So what’s the deal? This can’t be because the volume of Kansas City traffic produces pileups. A 1989 Texas Department of Transportation study of 50 metropolitan areas ranked us the nation’s second least-congested area. And the Mid-America Regional Council reports that rush-hour travel times keep dropping in Kansas City as more freeway lanes open.
It can’t be because Kansas Citians drive like daredevils. The Federal Highway Administration ranked Missouri 38th out of 50 states in the percentage of drivers who exceed 55 mph. Merely 67 percent do it.
Kansans? Well, they’re up at 80 percent, fast enough for eighth place.
It could be because of our driving habits. Gracious and polite, we generally are. But knowledgeable and conscientious, we often aren’t.
Much of the proof is anecdotal.
Listen to Rick Bradshaw. He has a better perspective than most. He pilots a single-engine Cessna 172 for the Airborne Traffic Network, the reporters heard on radio stations. As the desk-size seating compartment wobbles in the air, he examines an afternoon rush hour.
Interstate 70 is slow as usual. But it’s the left lane — the supposed fast lane — that is stopped. “Look at that, “ Bradshaw says as he points. “Ninety percent of the time it will be the slowest, and I’ve never understood it.
“They get in that lane and retire.”
As he loops the plane back toward Downtown, he notices a line of cars heading north on the Broadway Extension. They’re crawling for no apparent reason. “It’s just like two cars driving really slow, “
“That’s what we lovingly refer to as a bonehead backup. All it takes is one person who’s not in a hurry along with 53,000 who are in a hurry for a bonehead backup.”
Now consider Ramsey, the delivery driver. He has driven for the same company 11 years, an eternity in the delivery industry. When he gets up every morning, he tells himself, “No wrecks, no tickets.” That’s why he keeps his delivery truck at a steady 60 mph in the right lane of Interstate 435.
But, oooh, do Kansas City drivers make him mad. They run red lights.
They drive without headlights in the early morning. They don’t signal turns.
Sometimes it’s more than he can stand.
“I got on one lady, “ Ramsey says. “We were driving on College Boulevard, and she seemed to be making the same turns I was, right in front of me. She never used her signal, and I’m in a hurry. Finally, we ended up at the same office.
“I asked her, `Your car have turn signals?’
“She said, `Yes.’
“I said, `Why don’t you use them? It’s the law and it’s considerate.’ “
He takes a breath. His white knuckles clutch the steering wheel. “It’s infuriating. It’s all consideration.”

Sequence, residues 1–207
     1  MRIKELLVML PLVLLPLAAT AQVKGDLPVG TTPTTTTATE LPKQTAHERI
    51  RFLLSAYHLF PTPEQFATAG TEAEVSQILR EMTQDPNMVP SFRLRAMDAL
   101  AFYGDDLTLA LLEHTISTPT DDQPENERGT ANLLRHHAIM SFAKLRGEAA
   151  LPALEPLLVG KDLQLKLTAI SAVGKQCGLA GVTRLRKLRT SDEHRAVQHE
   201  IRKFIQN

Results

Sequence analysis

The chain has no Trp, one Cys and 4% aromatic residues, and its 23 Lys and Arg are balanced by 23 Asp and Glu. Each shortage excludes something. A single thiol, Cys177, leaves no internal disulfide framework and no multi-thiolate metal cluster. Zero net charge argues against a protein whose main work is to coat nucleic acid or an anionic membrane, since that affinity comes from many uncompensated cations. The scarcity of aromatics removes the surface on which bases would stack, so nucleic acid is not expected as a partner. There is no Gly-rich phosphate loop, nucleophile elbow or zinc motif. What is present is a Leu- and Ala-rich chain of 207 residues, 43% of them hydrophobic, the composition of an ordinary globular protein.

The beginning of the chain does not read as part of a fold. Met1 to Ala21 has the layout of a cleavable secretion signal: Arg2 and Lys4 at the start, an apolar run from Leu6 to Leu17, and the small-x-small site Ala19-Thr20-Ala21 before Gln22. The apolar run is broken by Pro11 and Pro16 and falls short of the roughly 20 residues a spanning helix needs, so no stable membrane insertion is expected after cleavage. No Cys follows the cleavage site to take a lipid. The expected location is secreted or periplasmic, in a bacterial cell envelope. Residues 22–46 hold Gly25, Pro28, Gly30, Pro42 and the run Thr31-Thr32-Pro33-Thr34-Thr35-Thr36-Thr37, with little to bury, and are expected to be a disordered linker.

Well, at least we don’t have a reputation for tailgating, as the drivers do in Miami. Or sitting in traffic jams for hours, as in Los Angeles. We do show our sweeter selves to drivers sometimes.
“We have it good, “ says Kevin Calhoun, a software engineer who moved here from New Jersey.
“In New Jersey you merge on the highway and hope you don’t get killed.
It’s much more cutthroat. Here, drivers are gracious. They generally let you in instead of accelerating.”
Alas, other new residents can’t believe what they see. Turning right from the middle lanes of Ward Parkway. Stopping at the end of highway entrance ramps. Racing to pass another car, then slowing down in front of it.
“There’s a different kind of stress here, “ says Alison Barnes, a photographer for Hallmark Cards Inc. who moved to Kansas City two years ago from Los Angeles.
“In LA it can’t be helped. It’s the traffic. Here, it’s sheer frustration out of people’s stupidity.”
Why? Why does such an easygoing city have such trouble driving?
Kansas City schools no longer teach driver education, goes one theory from safety experts. Our vast freeway network makes it so easy to get around the metro area that we drive more, and our limited mass transit system bonds us to our cars, goes a theory from Kansas City police officials. More miles behind the wheel mean more chances for accidents.
Here’s another theory: We might be too calm for our own good.
“I think an easygoing way is more vulnerable to accidents because you’re not paying attention to details, “ says Oscar Eggers, professor emeritus of sociology at the University of Missouri-Kansas City.
“I mean, in driver’s ed they teach you to look across the dashboard and scan the mirrors every few seconds. Who does it?
“We’re nice and friendly, relative to the big cities, but maybe we can’t drive well.”